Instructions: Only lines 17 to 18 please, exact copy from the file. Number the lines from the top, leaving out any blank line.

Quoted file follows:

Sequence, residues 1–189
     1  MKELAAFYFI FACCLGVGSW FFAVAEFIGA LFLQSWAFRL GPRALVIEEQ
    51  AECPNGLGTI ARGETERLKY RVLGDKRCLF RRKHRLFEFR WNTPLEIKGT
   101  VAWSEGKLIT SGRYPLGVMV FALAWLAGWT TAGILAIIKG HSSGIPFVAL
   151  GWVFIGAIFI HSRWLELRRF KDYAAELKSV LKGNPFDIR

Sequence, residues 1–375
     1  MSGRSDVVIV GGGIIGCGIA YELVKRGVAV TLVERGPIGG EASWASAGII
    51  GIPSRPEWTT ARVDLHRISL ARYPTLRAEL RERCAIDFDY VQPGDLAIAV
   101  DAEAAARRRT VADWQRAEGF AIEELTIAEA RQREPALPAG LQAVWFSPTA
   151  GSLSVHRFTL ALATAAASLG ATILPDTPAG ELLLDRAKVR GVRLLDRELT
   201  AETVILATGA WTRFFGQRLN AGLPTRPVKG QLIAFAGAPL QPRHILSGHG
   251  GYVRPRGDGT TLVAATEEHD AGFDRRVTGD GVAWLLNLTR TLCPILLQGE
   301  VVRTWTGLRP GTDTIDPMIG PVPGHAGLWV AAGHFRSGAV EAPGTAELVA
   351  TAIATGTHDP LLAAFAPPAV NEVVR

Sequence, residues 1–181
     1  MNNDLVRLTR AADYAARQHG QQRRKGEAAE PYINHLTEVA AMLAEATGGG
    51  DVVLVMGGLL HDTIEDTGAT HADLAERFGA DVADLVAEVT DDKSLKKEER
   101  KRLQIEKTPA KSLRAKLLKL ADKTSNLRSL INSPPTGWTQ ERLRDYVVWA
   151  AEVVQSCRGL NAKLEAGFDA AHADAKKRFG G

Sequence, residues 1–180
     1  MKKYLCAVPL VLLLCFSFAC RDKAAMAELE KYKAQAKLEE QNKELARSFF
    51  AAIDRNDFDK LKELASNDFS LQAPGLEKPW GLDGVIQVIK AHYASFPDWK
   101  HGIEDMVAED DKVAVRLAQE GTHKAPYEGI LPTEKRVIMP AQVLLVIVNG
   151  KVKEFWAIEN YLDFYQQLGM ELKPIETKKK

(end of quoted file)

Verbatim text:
    51  DVVLVMGGLL HDTIEDTGAT HADLAERFGA DVADLVAEVT DDKSLKKEER
   101  KRLQIEKTPA KSLRAKLLKL ADKTSNLRSL INSPPTGWTQ ERLRDYVVWA